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dc.date.accessioned2022-04-19T12:53:55Z
dc.date.available2022-04-19T12:53:55Z
dc.date.issued2021
dc.identifier.urihttps://eresearch.qmu.ac.uk/handle/20.500.12289/12102
dc.description.abstractIn contemporary society, there is a growing awareness of negative representations of minority groups that undermine equality. The pantomime genre is the most popular and most traditional form of theatre in Great Britain. However, pantomimes tend to contain harmful stereotypes of minority groups, for example, its stock character, the pantomime Dame. The pantomime Dame has been under fire for potentially portraying a negative image of women and transgender people. As the arts industry in Britain aims to improve Equality, Diversity, and Inclusivity (EDI), it is necessary to investigate the problematic representations within its largest contributor, the pantomime. This research explores what barriers theatre practitioners face in their attempts to diversify representation within contemporary British pantomime through the Dame character. The qualitative research employed in-depth one-on-one interviews and a focus group as methods to survey the theatre practitioners. As the research took place during the COVID- 19 pandemic, the interviews and focus group were conducted over Zoom. The study showed that many issues lie within the lack of consensus on what the pantomime tradition and what a Dame entails. Additionally, theatre practitioners are limited by the audience expectations, the genre’s rigid model, a lack of diversity within the sector and within broader influential, authoritative positions.en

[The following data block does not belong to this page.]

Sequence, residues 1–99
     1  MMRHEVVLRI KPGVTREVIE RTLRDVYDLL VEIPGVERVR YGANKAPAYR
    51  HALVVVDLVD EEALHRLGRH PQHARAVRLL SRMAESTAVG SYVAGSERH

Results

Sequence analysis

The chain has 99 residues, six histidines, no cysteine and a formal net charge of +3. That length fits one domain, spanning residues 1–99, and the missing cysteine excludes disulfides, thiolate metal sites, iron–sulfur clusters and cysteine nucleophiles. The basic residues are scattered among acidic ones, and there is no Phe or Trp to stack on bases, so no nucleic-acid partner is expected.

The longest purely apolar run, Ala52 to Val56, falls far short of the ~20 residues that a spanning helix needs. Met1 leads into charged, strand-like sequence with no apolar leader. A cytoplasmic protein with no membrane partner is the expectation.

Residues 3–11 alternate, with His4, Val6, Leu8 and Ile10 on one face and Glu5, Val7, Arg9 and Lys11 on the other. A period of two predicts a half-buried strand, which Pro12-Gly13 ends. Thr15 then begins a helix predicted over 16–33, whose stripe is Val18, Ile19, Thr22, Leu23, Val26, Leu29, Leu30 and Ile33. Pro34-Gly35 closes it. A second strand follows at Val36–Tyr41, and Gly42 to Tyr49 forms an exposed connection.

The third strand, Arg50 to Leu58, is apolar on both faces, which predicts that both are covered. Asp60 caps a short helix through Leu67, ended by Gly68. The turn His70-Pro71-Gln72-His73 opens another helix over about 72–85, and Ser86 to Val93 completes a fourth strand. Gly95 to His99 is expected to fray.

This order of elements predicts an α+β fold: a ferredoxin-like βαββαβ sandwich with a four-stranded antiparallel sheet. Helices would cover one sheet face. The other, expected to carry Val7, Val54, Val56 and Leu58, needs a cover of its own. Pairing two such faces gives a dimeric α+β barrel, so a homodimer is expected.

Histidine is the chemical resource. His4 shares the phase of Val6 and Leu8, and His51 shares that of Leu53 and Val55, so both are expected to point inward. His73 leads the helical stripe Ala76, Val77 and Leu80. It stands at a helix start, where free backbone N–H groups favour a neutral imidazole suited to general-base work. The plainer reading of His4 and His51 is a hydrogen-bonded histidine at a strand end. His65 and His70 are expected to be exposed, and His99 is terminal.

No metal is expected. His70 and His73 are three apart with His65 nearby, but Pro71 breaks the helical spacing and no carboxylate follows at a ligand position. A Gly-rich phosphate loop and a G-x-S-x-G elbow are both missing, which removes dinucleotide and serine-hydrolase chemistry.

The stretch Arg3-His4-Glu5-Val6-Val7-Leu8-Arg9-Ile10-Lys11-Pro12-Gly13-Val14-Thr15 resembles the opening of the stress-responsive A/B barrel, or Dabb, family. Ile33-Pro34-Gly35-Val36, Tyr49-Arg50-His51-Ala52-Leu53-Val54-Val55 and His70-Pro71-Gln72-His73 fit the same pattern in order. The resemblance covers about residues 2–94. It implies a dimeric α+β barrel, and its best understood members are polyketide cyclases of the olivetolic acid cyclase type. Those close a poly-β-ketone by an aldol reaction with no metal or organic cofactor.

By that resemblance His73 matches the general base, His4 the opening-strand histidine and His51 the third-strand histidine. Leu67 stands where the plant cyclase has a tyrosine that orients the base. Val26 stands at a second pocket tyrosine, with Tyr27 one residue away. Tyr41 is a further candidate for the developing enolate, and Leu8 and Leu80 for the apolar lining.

dc.titleBritain’s Dame Race: Who Will Be the Next Pantomime Superstar?en


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